No Arrows

 Obverse: Medium Level Date

Reverse: Small CC, [mm Lt,L]


Obverse 1                                               Reverse A


Comments: Obverse 1 displays a Closed 3 date punch with no arrows on either side of the date. Reverse A is the same die used to strike 1871-CC through 1874-CC dimes. The reverse die crack through CC mintmark is obvious on this unique dime.

The 1873-CC No Arrows dime is a unique specimen with a long history of prestige ownership and speculations as to its origin. Numismatic scholars believe that a limited amount of 1873-CC No Arrows dimes were minted for circulation (12,400 per Ahwash) but melted once the slightly heavier 1873-CC With Arrows were authorized by the Mint Act of February 12, 1873. Kam Ahwash states that, "These coins were struck on February 5, 1873, with 5 of them reserved for assay." The unique 1873 No Arrows specimen is believed to have been part of the annual Carson City assay sample for measuring compliance to weight and precious metal content requirements. These assay pieces were shipped to the Philadelphia Mint to be inspected by the Assay Commission on February 11, 1874. Assay samples not tested were either melted or placed into circulation. Bowers and Merena, in their July 8 & 9, 2004 sale of the Jim Gray's North Carolina Collection, present a potential explanation for the existence of the lone 1873-CC No Arrows dime. Their belief is that John W. Haseltine and Stephen K. Nagy acquired the solitary 1873-CC No Arrows dime when returning to the Philadelphia mint, a pair of 1877 Fifty Dollar Half Union patterns in exchange for "several crates" of coins, mostly patterns. These patterns were used by numismatic researcher Edgar H. Adams and found their way into the Woodin Collection. Ahwash states that the 1873-CC No Arrows dime was displayed at the 1914 ANS Exhibit by H.O. Granberg however Bowers and Merena indicate that Woodin was responsible for the dime’s display. During May 19-21, 1915, Wayte Raymond auctioned a portion of the Woodin collection along with that of H.O. Granberg at a sale entitled "Collection of a Prominent American." Rudolf Kohler was the successful bidder at that sale and took possession of the 1873-CC No Arrows dime in 1915. The next owner was Charles M. Williams who consigned the dime as part of the 1950 sale of the Adolphe Menjou Collection. At the Adolphe Menjou Collection sale, spirited bidding between James Kelly and Louis Eliasberg produced a sale price of $3650 with co-purchasers James Kelly and Sol Kaplan taking ownership of the legendary Seated dime. On November 7 of the same year, James Kelly sold the 1873-CC No Arrows dime to Louis Eliasberg allowing him to complete his collection of U.S. coinage. At the Bowers and Merena May 5, 1996 Louis Eliasberg sale, Waldo Bolen purchased the dime for $550,000. At the Heritage April 1999 sale, the 1873-CC No Arrows dime was again sold to an unnamed individual for $632,500. On July 9, 2004 at the Bowers and Merena Jim Gray's North Carolina Collection auction, the lone 1873-CC No Arrows specimen brought $891,250.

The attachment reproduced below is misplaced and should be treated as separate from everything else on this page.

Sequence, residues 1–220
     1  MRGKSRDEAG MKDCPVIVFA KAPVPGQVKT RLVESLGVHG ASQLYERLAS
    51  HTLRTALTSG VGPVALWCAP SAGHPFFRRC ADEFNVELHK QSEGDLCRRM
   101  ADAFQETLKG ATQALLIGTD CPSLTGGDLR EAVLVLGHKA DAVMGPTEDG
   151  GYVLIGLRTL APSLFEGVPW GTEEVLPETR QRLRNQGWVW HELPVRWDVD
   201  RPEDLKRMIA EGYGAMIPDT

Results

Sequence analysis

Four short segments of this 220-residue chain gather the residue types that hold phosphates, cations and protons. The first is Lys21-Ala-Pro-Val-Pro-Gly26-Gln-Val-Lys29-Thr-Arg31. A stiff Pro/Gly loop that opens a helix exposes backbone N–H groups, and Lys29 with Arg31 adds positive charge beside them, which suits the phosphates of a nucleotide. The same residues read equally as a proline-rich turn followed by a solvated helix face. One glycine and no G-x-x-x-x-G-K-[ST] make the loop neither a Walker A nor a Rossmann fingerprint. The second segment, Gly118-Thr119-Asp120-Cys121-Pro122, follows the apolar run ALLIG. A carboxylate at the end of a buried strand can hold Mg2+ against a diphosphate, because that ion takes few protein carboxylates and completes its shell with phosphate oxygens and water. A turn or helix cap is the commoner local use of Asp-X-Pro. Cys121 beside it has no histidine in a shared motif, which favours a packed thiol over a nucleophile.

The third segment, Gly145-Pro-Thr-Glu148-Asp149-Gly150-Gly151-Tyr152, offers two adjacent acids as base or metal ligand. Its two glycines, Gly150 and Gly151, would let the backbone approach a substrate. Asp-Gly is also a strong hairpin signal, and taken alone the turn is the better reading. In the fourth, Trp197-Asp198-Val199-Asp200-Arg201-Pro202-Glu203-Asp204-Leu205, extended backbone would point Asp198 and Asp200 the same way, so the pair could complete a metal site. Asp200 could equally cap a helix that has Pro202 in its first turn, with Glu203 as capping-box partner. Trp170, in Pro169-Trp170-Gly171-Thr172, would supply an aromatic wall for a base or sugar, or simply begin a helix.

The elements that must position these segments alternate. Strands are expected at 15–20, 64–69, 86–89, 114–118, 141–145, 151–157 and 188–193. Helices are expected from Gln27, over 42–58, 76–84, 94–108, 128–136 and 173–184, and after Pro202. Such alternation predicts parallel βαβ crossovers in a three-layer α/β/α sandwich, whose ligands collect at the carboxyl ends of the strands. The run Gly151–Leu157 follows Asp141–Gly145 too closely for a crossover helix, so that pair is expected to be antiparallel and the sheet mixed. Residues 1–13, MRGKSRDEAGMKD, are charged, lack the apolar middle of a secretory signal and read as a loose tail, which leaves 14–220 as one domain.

On August 9, 2012, the unique 1873-CC No Arrows dime once again crossed the auction block as part of the Battle Born collection. The venue was Stack's Bowers 2012 Philadelphia ANA auction. The author was present in the room during the auction. The lot opened at $1,000,000 and quickly became a bidding war between Rusty Goe and a Stack's Bowers representative for an unknown phone bidder. Both gentlemen were located in the back of the auction room. Rusty Goe bid the 1873-CC No Arrows dime to $1,500,000. The Stack's agent waved the final bid at $1,600,000 and the lot was hammered. With the 15% buyer's premium, the 1873-CC No Arrows became a $1,840,000 dime that day.

Minutes before the start of the Battle Born Collection auction, Rusty Goe was kind enough to autograph several Battle Born Collection auction catalogs for LSCC members in attendance. I was one of the fortunate and below is the catalog cover page and autograph from that memorable event!


Plate Coin: Eliasberg Specimen, Photographs Courtesy of Stack's Bowers.


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